By Gabriella Klopfenstein ’22
Dayna Baxter, a 2018 graduate of Goshen College with a degree in social work, is behind a new program that will pair social workers with law enforcement to support victims of domestic violence in South Bend, Indiana.
“I came to a realization that many St. Joseph County victims, especially those who were at high risk for lethality or were actually killed by their partners, were not connected to victim services early enough, if at all,” Baxter said. “Many times, I would work with a survivor weeks or months after they reported the abuse to the police and some victims never took action past the initial police call. As a result, I began researching programs that housed social workers with law enforcement and planning a new program to close the gap in services.”
In January 2020, she pitched her idea to Sheriff Bill Redman of the St. Joseph County Police Department (SJCPD). He immediately agreed to partner with Dayna and the Family Justice Center, the non-profit that Dayna works for, to seek funding and allow her to pilot the program in his department.
Just nine months later, in October 2020, SJCPD was awarded the $407,000 federal grant to create the SJCPD Domestic Violence Incident Response and Support Team.
Through this grant, Baxter is now able to respond to domestic violence calls along with a county police officer. Baxter’s role is the Victim Services Supervisor, but she will also deliver direct services.
Their team has many goals for this plan.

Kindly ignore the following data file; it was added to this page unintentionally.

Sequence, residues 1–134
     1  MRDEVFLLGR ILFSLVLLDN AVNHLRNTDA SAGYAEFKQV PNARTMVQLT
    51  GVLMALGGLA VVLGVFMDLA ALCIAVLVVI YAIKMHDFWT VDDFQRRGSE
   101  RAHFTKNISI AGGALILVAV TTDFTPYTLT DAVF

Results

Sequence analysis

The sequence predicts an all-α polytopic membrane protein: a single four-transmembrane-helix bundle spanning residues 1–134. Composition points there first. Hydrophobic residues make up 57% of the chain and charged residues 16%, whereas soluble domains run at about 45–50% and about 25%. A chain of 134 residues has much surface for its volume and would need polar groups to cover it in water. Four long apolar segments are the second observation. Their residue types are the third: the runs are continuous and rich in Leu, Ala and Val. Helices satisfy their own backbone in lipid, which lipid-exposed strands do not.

First, they want to be able to connect victims to supportive services within hours of an incident, and increase offender accountability by improving community relations.
Another goal is to improve victim services by offering crisis intervention.
Baxter’s team will also train law enforcement on a number of topics including trauma informed strategies to better serve survivors of domestic violence.
Baxter credits her education at Goshen College with helping prepare her well for this significant initiative.
“My experience at Goshen College undoubtedly set me on the path to developing this new program,” Baxter said.
During her social work senior seminar class, a social worker who specializes in working with first responders and crisis incidents made a presentation. Learning about her role piqued Baxter’s interest in crisis intervention.
“The professors and advisors of the Goshen social work program provided support throughout my undergraduate journey and have continued to provide support, recommendations and praise since I graduated in 2018,” Baxter said.
Lastly, she noted that the expectations from the Goshen College social work program helped develop her professional writing abilities, which served her well as she wrote the grant proposal.
Baxter finds her work rewarding in many ways, including the opportunity to support survivors through a difficult process.
“The criminal justice system is broken in many ways and I stay motivated by knowing that I can advocate for survivors,” Baxter said.